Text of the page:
• Pierre-Marie's cerebellar heredo-ataxia comprises forms of conditions that are different from those of the Friedreich's disease. They often include later onset (by the second or third decade of life, but also as early as childhood), slower progression, absence of deep sensibility and cardiac disorders, as well as deformities (scoliosis, pes cavus), and different genetic transmission that is most often dominant (every carrier is affected). It produces a cerebellar syndrome and affects voluntary motor control via a pyramidal condition. This condition may be linked to a form of dominant autosomal cerebellar ataxia of type I.
  • Roussy-Levy hereditary areflexic dystasia is a lot more mislabeled than the conditions previously mentioned. Some consider it as a peculiar form of Friedreich's ataxia, but others think this is a form of Charcot-Marie-Tooth disease (akin to Dejerine-Sottas neuropathy). It follows an autosomal dominant mode of transmission and has a very early onset, and the clinical signs (deep sensibility disorders, muscle atrophy) are generally moderate.
  • Olivopontocerebellar atrophy (OPCA) is a condition primarily characterized by the combination of lesions at the brainstem (pons and olivary body) and cerebellum. Clinically, it is similar to Pierre-Marie's cerebellar heredo-ataxia and associated with medullar damage similar to the one of Friedreich's ataxia (OPCA of the Menzel type). The age of onset may vary, including within the same family, but generally occurs during childhood. Its rhythm of progression is often slow and extremely variable as well. It follows a heterogeneous mode of genetic transmission (most frequently dominant) proving that the OPCA is related to various similar conditions affecting about one individual out of 30,000 in France, and not to a singular entity.
    Genetic research constantly refines the distinction between the three forms: type I is very heterogeneous (five different genes are involved), type II is more rare and characterized by an associated eye condition (retinitis pigmentosa).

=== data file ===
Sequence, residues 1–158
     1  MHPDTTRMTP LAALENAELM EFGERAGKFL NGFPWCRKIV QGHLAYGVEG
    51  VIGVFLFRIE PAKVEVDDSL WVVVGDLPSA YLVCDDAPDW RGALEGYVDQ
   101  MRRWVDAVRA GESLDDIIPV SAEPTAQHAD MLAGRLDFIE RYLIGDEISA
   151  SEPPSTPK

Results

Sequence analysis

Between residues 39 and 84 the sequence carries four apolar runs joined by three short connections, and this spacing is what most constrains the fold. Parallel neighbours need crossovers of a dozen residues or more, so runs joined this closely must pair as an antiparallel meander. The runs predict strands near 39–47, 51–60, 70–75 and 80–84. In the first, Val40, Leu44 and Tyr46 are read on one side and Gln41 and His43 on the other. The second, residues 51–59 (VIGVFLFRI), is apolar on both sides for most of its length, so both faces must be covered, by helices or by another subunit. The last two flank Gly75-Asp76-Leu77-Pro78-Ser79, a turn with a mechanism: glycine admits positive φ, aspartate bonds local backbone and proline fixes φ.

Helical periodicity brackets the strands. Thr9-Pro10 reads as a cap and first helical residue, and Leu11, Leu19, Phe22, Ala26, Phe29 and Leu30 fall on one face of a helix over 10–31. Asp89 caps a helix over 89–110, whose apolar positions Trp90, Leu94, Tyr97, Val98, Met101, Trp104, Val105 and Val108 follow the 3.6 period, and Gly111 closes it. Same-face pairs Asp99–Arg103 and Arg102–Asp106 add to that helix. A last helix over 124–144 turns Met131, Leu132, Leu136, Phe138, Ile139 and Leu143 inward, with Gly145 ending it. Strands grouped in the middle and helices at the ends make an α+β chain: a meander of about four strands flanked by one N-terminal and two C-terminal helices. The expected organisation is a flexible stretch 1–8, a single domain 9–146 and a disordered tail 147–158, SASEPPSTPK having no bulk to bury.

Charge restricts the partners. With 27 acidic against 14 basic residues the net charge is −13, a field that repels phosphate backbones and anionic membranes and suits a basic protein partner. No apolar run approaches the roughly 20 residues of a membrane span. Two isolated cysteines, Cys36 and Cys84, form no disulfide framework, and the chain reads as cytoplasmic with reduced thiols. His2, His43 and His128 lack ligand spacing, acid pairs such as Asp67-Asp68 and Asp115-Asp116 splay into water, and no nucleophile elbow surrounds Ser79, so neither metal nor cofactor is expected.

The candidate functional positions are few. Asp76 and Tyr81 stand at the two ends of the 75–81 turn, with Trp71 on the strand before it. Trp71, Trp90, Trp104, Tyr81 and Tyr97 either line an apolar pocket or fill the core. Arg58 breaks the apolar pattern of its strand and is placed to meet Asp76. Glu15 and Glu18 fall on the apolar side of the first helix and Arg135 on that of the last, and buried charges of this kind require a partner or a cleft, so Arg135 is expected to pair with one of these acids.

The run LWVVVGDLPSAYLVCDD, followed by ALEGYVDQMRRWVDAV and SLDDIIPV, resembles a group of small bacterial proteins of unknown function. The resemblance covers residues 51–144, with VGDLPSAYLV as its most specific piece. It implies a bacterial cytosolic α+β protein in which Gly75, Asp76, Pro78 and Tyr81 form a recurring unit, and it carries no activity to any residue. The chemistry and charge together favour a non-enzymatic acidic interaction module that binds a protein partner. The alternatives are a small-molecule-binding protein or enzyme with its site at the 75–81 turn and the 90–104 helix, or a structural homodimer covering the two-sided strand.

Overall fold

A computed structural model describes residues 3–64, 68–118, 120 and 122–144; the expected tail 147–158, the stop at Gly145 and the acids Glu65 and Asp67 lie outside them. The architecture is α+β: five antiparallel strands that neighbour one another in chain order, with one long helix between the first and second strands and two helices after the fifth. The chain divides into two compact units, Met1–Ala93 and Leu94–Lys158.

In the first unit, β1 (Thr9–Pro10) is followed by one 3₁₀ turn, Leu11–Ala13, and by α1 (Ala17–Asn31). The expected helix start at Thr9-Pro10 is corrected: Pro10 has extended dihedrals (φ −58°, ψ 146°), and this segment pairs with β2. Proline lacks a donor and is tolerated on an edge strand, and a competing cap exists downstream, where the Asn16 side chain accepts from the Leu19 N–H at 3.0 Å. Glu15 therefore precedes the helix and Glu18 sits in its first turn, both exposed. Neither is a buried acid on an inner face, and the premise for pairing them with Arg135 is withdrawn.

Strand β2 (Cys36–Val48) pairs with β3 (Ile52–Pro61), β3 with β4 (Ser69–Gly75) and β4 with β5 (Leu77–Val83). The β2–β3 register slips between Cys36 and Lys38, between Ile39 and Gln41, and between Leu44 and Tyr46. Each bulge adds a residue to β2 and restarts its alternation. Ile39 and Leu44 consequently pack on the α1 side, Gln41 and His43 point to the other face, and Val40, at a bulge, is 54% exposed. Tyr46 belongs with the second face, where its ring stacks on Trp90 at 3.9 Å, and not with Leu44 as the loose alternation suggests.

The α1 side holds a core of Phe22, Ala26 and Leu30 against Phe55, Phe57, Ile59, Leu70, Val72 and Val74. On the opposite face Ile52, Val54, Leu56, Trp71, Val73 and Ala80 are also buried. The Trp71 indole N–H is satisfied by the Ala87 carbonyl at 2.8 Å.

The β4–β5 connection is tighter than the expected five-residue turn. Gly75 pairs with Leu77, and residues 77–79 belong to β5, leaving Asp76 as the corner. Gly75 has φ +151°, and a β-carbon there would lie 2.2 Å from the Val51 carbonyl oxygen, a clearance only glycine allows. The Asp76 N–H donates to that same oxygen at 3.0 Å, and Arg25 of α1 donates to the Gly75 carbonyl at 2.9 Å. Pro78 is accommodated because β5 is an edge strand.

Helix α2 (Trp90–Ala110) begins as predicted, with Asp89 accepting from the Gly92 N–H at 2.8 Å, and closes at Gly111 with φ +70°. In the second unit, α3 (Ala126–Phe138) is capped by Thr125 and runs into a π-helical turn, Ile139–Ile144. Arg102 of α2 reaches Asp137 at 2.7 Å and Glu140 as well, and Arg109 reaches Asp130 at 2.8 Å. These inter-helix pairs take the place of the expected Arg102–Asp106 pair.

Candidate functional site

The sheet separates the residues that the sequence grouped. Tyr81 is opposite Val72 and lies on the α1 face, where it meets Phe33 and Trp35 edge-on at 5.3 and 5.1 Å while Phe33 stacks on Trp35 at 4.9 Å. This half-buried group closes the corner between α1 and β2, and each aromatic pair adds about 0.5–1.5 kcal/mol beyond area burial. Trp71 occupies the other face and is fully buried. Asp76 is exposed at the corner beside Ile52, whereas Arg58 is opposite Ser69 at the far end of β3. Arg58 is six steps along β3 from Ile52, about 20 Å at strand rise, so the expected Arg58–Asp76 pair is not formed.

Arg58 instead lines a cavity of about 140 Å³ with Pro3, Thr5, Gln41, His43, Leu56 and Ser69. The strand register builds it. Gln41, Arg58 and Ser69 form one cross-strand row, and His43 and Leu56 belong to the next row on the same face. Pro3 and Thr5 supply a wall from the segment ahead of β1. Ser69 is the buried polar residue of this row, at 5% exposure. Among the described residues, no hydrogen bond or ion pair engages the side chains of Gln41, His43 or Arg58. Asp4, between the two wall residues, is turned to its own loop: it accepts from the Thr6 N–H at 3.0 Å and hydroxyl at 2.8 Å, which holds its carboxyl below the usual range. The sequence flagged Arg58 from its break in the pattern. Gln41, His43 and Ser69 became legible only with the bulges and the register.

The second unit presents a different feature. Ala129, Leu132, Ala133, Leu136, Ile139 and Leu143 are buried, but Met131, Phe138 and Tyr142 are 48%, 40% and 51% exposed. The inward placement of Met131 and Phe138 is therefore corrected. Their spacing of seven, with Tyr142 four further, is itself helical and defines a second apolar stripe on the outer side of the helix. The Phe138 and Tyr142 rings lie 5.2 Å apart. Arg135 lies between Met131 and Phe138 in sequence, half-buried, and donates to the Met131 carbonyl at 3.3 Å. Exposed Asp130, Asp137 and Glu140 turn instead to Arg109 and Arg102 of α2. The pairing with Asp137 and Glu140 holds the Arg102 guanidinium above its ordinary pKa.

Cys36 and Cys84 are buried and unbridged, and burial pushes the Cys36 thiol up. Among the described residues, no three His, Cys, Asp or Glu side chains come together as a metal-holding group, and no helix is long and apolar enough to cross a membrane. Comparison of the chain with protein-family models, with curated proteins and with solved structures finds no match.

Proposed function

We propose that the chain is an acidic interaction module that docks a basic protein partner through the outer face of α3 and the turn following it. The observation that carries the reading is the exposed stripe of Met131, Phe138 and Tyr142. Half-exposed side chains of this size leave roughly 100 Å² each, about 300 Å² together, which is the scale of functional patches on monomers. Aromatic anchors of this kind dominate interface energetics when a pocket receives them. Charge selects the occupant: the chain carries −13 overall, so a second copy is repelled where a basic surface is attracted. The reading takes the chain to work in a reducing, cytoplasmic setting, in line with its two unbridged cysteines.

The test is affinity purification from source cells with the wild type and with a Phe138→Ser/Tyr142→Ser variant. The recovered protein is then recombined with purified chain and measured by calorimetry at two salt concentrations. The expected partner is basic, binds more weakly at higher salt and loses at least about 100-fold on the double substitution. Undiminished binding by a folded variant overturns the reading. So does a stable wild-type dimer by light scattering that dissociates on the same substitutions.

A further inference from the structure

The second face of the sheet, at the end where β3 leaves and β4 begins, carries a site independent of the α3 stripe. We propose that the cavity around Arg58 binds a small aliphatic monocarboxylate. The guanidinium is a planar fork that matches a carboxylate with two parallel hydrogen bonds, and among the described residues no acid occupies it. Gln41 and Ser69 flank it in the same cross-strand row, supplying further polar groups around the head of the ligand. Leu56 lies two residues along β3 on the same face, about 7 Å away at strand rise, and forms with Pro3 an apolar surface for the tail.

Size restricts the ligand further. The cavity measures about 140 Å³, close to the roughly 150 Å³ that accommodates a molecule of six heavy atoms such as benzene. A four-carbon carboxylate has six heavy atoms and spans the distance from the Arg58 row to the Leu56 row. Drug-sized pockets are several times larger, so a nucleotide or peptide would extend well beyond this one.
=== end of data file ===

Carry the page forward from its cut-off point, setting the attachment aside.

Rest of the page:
• Ramsay-Hunt myoclonic cerebellar dyssynergia primarily involves damage to cerebellar pathways descending to the spinal cord. Clinically, the cerebellar syndrome is associated with myoclonia (Brief, involuntary and sudden muscular contractions). This syndrome is also associated with a heterogeneous group of mitochondrial conditions at both clinical and genetic levels.
  • Olivocerebellar atrophy of the Holmes type and atrophy of the granular layer of the cerebellum—rare autosomal recessive disease, the onset of which occurs during the first year of life, with associated ataxia and mental disorder, and is more or less progressive—are two other similar conditions (or group of conditions).
  • Machado-Joseph disease is a variant form of Joseph disease: It is an inherited spinocerebellar ataxia, particularly common in Portugal and Japan, the onset occurs between ages 30 and 40 years (cerebellar ataxia, ocular paralysis, sensory loss, muscle weakness, etc.). This inherited, autosomal dominant disease is classified in the autosomal dominant cerebellar ataxias.
  • Ataxia with a vitamin E deficiency is a rare disease, with a clinical presentation very similar to Friedreich's disease. Vitamin E concentration in blood is the common diagnosis for this condition. Taking supplemental vitamin E slows down its progression and may lead to positive outcomes if diagnosed at an early stage.

For more information on autosomal dominant cerebellar ataxias (for individuals directly concerned by this type of diseases): consultation on appointment: Professor Brice, Dr Durr, Fédération des Neurologues, Hôpital de la Salpêtrière, 47, bd de l'Hôpital, 75013 Paris (1) 42 16 17 94.

Many thanks to Professor A. Brice for his help in the writing of this appendix.


Association des paralysés de France. 1996. Déficiences motrices et handicaps, Aspects sociaux, psychologiques, médicaux, techniques et législatifs, troubles associés. Paris : Association des paralysés de France. 505 p. Used with permission.